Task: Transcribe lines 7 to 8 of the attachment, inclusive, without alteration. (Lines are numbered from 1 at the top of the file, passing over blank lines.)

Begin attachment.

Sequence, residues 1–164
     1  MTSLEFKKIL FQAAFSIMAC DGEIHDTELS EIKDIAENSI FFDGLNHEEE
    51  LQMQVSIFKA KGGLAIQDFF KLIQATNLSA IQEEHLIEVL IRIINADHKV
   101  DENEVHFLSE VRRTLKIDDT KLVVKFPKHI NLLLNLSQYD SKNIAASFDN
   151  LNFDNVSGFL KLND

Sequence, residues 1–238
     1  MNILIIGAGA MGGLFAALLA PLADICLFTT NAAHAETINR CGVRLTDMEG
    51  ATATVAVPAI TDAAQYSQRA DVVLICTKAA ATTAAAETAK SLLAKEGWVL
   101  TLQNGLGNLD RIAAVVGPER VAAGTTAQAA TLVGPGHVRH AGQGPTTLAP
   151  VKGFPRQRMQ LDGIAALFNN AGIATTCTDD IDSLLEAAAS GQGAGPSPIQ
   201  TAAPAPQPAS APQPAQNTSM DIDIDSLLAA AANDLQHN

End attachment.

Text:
     1  MNILIIGAGA MGGLFAALLA PLADICLFTT NAAHAETINR CGVRLTDMEG
    51  ATATVAVPAI TDAAQYSQRA DVVLICTKAA ATTAAAETAK SLLAKEGWVL